Rani, a domestic worker in New Delhi, travels 10-15 kilometers every day from her cramped urban slum in Goyla Dairy, Najafgarh, to high rise buildings in Dwarka. Sometimes she hops on a shared rickshaw, or hangs by the door of an overloaded minibus. Traveling is just one of the difficult parts of her day when she is forced to endure the heat. Generally, “the entire days are exhausting,” she said on a sweltering early May evening, sitting on a cot outside her one-room apartment.
As she narrated the horror of that day’s morning to her four children and me, her dupatta continuously switched jobs. Sometimes the shawl was a fan in her hand and sometimes it acted as a tissue wiping sweat from her face and neck.
While going to work that day, Rani fell asleep by mistake in the shared rickshaw. “I lost control and almost fell off of it,” she said, bumping her head with her hand as if it was her fault that she could not sleep the previous night.
“It was so hot at night. So many mosquitoes. And no electricity from 9 pm to 5 am” she complained. She and her school-age kids slept for barely an hour, the only time when electricity brought some respite from the unbearable heat. The power cuts have become quite frequent this year, according to Rani.
Her family is not alone.
Heat arrived in India well before summer in 2022. Heatwaves blanketed the entire spring season and broke all records since record-keeping began in 1901.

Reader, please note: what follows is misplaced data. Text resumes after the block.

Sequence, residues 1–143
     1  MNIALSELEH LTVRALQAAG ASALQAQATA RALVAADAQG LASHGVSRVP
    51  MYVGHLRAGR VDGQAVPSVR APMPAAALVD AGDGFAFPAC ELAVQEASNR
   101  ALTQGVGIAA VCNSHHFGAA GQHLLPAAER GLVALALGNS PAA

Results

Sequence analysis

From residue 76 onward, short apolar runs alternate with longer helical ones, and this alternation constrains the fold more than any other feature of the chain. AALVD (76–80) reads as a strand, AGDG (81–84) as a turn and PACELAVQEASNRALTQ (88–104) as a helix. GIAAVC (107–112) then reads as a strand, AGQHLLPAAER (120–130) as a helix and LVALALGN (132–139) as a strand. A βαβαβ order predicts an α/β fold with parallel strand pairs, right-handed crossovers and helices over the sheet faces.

To defeat the heatwaves, power demand increased in India. That in turn created energy shortages and led to the power cuts that plagued Rani and her family. But heatwaves and the power cuts not only affected households like Rani’s but also the government’s coal policy. The extreme heat raised questions about the further impacts on the environment of combatting such heat – which, in turn, could lead to still more extreme weather events in the future.
While India plans to reach carbon neutral status by 2070, extreme weather events like the recent heatwaves keep pushing India’s energy sector to depend on traditional coal in the absence of enough renewable energy. Government policies were supposed to promote renewables to reduce carbon-intensive power sources, but against the backdrop of extreme heatwaves, coal seemed to be the only option to quickly bring relief amid increasing energy demands.
While there are huge investments coming in the renewable sector, and the government should accelerate the pace of deploying renewables, energy experts also warn that deploying renewables will have huge costs if not done prudently.